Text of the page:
Coming Full Circle

Posted: September 29, 2013 in Blog
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I spent yesterday morning walking the AIDS Walk in Chicago. It was a wonderful morning to walk the lakefront with thousands of other like-minded souls out there giving their time and money to a cause about which they feel strongly. I bear in mind that there are no such things as coincidences when I can see so clearly, yesterday and every other day, how stepping off the trajectory of being a mental health therapist to step into the trajectory of working in HIV prevention brought me to this amazing place where I work with LGBT kids.

In the early 90s, I served as the program manager for housing programs in upstate NY for people living with HIV and AIDS. While hardly new, the disease was still impacting significantly on the gay men’s community and beginning its double duty of impacting heavily on communities of color. The cocktail drugs were just getting positioned to hit the market. The guys in the house got sick. Very sick. Very quickly.

There was nothing in my training to become a therapist that prepared me for what we did in that program. I was accustomed to people confronting inner demons around abuse, sexual assault, divorcing parents, and other issues of loss. I was accustomed to sitting quietly while people blotted tears and tried to put puzzle pieces together. But nothing got me ready for running a residential program with men who were so sick, some who were actively dying. This was not about confronting inner demons and healing. This was about kangaroo feeding pumps for guys who could no longer swallow. It was about bringing food to people who couldn’t get out of bed because of the neuropathy in their feet. It was about following naked men around the house with a towel, asking them not to urinate down the heat registers, offering to cover them, to afford them some dignity and some privacy, when AIDS dementia was eating holes in their brains and it no longer occurred to them that they weren’t wearing clothes. It was about physically picking up a body experiencing wasting syndrome out of a wheelchair so someone could sit on couch cushions and be in somewhat less agony. It was about cleaning bathrooms and wiping bloody, fecal covered handprints off the walls when bodies eroded from the inside out. It was about bleach and AZT and tears in the office when no one was looking.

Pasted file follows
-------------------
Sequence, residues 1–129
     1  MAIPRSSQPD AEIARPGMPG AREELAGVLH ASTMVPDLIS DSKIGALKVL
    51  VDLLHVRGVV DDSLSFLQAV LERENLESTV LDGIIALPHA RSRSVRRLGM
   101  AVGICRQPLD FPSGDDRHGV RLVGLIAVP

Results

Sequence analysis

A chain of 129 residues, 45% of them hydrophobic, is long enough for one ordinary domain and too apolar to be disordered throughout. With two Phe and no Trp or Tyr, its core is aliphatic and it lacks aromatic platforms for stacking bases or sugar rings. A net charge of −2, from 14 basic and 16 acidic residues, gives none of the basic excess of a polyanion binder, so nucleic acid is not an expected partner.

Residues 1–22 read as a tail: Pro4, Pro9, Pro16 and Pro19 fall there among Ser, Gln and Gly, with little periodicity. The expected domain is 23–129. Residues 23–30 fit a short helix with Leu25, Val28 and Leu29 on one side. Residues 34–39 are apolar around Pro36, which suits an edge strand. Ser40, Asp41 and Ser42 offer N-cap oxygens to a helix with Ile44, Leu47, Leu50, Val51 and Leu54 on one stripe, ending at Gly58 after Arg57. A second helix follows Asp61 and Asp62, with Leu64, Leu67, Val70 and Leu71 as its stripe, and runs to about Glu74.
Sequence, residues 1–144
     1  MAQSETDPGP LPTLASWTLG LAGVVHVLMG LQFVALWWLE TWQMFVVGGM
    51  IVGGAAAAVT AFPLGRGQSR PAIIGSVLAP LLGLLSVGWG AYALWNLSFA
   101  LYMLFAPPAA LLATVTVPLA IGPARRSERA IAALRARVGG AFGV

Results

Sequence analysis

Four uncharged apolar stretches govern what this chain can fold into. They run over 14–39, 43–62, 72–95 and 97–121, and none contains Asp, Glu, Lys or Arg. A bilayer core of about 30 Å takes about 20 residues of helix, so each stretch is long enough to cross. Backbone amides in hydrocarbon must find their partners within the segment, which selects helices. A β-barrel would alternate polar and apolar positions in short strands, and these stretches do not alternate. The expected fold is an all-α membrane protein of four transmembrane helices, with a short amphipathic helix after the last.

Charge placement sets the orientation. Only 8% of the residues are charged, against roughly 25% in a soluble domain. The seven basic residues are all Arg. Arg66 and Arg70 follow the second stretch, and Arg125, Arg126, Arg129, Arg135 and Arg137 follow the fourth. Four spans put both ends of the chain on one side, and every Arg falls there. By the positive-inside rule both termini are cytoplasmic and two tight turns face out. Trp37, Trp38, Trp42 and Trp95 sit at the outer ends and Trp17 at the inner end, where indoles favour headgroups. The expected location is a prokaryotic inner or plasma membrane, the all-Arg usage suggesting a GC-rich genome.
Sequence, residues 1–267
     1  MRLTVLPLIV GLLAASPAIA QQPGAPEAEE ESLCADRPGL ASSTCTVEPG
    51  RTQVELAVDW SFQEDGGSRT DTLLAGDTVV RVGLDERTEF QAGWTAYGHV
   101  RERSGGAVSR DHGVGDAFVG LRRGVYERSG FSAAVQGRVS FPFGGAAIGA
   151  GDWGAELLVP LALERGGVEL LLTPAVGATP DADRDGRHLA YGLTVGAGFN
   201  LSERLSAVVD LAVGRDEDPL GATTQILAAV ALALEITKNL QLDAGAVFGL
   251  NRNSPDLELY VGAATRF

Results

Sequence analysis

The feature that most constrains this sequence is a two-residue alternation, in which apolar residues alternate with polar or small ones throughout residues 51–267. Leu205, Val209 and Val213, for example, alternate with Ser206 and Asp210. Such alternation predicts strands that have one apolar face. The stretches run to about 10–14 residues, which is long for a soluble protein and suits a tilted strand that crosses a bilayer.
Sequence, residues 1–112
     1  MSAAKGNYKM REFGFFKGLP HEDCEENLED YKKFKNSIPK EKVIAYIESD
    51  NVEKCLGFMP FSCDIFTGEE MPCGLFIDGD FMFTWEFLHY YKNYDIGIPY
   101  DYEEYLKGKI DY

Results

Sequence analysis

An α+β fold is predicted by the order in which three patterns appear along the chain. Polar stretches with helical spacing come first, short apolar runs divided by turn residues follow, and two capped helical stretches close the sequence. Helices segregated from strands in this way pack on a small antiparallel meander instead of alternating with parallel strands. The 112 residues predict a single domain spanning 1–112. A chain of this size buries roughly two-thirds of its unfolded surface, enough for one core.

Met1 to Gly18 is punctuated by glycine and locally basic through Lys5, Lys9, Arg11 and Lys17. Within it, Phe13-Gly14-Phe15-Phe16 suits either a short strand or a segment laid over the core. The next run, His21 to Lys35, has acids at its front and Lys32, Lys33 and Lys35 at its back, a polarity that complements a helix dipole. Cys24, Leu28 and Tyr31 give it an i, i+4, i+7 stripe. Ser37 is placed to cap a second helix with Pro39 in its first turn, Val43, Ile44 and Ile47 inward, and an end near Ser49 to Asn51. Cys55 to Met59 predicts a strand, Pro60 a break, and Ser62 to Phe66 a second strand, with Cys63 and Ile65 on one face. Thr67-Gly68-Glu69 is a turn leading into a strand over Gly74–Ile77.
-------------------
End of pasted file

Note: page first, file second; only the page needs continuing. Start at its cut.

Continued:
I learned a lot in that job. I learned how to respectfully navigate a conversation with someone who was actively considering physician assisted suicide. I learned about race relations when one of the guys who greeted me at the door with coffee every morning and would sit with me in the office to tell me about his evening eventually told me that he thought of me as an honorary black woman. And when he grew sicker, I learned about joy when I would watch the Oh Happy Day scene from Sister Act 2 with him over and over again when he could no longer walk and his days were spent on the couch in the living room. It was the only thing that made him smile. He was beautiful when he smiled. I learned how to sit death watch with men who had no families, who were utterly alone in the world. And I learned that our grief, as a staff team, was as real as any family’s when we went to memorial service after memorial service and were forced to lay some of those men to rest in Potter’s Field because no one could afford to bury them.